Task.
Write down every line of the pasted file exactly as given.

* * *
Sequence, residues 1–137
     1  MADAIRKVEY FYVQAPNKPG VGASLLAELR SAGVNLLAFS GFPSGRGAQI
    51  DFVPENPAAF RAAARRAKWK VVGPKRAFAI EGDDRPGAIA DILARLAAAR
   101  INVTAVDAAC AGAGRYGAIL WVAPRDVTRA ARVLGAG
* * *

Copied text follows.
Sequence, residues 1–137
     1  MADAIRKVEY FYVQAPNKPG VGASLLAELR SAGVNLLAFS GFPSGRGAQI
    51  DFVPENPAAF RAAARRAKWK VVGPKRAFAI EGDDRPGAIA DILARLAAAR
   101  INVTAVDAAC AGAGRYGAIL WVAPRDVTRA ARVLGAG